Incorporating new members into the team

Hiring individuals for finance positions is always a risky venture. When you're searching for individuals to fill accounting jobs, wealth management jobs, or any other major career in finance, you can't just hire the most qualified applicant and hope for the best. You need workers who you can trust with your clients' funds, who fit into your corporate culture and who add value to your firm as a whole. If you're hiring someone who'll only complete the bare minimums required by their job title, then you're missing the whole point. 

Yet even when you find the right applicant, and come to terms on a job offer, the challenge continues. Even the most astute hire will fail to adapt to the high pressures of a major finance firm if they're not incorporated into the company or their department properly. Each new hire is an investment, and you need to protect that investment by giving them the best possible chance to succeed.

There's no one strategy that will ensure that each new hire will become a very important employee, either. Nurturing a new worker is a long-term prospect, and requires that you keep a close eye on your employees for an extended period of time. All the same, there are a few techniques you can make use of to try and confirm that each worker who shows up to work a finance job at your firm excels, and reaches their full potential. 

Extensive training programs
Many finance firms even go so far as to assume that the education received by their applicants isn't enough. A recent report from the New York Times detailed how a number of individuals receiving entry level finance jobs from firms like Goldman Sachs and The Blackstone Group were taking training programs and adult education classes, outside of the workplace, to help them improve their skills

"This is the stuff you really need to know, and that you don't learn in business school," Michael Rojas, a Columbia Business School graduate who took one of the courses, told the New York Times. "They have a template model, and they walk you through page by page."

No matter what kind of finance position you're hiring for, it may not be fair to assume that all applicants were trained to complete the specific task-at-hand during their college years. You may want to investigate whether there are worthwhile post-grad education opportunities near your office or firm – you could subsidize the cost for your workers if so. The talents they'd gain would no doubt provide a sizeable return on investment.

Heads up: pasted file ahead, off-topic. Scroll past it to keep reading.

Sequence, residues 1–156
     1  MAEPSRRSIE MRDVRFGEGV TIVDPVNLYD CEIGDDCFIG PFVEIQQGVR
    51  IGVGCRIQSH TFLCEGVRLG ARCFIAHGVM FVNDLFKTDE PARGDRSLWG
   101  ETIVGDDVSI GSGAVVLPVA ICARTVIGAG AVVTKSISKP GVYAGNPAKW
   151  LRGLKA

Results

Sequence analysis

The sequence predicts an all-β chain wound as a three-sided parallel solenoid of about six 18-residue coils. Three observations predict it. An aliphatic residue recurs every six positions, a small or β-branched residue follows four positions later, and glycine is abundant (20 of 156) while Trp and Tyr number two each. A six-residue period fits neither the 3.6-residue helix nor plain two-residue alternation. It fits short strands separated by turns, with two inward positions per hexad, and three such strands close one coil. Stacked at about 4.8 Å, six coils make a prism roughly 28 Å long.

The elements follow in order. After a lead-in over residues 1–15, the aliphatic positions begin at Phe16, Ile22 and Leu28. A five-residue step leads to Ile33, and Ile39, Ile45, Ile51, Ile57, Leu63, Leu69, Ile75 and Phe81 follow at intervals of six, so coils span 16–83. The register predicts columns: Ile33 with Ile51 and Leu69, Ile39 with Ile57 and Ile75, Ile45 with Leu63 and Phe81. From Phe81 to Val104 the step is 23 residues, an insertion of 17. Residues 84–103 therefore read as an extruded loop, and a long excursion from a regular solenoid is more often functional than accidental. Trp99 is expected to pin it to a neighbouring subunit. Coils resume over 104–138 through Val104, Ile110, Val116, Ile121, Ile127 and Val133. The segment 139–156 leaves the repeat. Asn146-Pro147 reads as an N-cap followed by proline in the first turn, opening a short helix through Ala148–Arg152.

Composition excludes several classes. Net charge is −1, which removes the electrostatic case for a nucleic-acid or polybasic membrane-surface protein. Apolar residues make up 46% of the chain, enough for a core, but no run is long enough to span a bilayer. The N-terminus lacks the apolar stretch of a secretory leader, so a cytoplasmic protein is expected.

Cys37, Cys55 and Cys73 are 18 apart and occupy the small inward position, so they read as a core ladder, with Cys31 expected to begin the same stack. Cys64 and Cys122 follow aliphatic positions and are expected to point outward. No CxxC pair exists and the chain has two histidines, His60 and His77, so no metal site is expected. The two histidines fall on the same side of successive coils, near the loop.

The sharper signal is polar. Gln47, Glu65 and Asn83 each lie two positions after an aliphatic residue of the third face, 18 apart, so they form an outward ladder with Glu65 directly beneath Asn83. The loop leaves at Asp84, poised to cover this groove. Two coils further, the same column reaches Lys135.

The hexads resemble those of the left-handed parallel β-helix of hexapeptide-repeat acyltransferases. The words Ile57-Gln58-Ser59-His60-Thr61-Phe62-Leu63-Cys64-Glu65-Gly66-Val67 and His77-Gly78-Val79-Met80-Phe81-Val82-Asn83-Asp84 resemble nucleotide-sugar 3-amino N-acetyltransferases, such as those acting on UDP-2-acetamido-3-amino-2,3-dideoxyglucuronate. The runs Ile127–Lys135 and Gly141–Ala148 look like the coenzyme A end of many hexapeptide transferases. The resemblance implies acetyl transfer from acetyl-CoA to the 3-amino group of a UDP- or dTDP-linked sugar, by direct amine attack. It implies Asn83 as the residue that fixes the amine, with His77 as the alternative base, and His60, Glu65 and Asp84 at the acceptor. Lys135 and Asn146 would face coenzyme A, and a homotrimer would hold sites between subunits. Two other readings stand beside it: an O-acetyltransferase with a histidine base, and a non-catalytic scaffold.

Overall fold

Matan Feldmen founded Wall Street Prep, one of these training programs, in 2003, according to the New York Times. He had previously worked as an analyst and associate with JPMorgan Chase. Feldmen suggested that his experience makes him a perfect fit for prepping would-be finance workers on the topics they truly need to know about going into their first major job. 

"A lot of investment banks are casting a wider net, so they're spending more time emphasizing getting people up to speed fast," Feldmen told the news outlet. "You don't have as many clueless liberal arts majors anymore."

Mentorship programs
Still, the training programs detailed above are likely to be quite general compared to the in-office training you'd like to offer. Another method of preparing employees for their careers-to-come is to pair them with a veteran who works in your office as part of a mentorship program.

There's no rigid definition to how this could work: the new employee and the veteran may want to meet at regular intervals on a weekly basis, or they may simply want to grab lunch whenever they're both available on a free afternoon. No matter what, the point remains the same: to pair your latest hire with a man or woman who can point the way for them, and offer them a vision of where they could potentially end up after a long stretch working for your company.

Role models are always important, not just in our childhood. By instituting a mentorship program, you give each of your new employees a role model to aspire to – and you're also pairing them with a capable individual who can point out their mistakes and offer them tips about how to settle into the workplace.

Constant reviews and updates
Most businesses set up reviews for their employees, whether they're new hires or veterans, on a regular schedule. Often, a worker's performance is considered every year, or every six months. However, when you're working with a newly hired employee, such sporadic meetings hardly help – especially if the individual is working a high-pressure finance career, like technology jobs

Regular reviews – whether weekly, biweekly or on any other schedule – will allow you to correct any bad habits or mistakes in a new employees process right away, before they become a problem.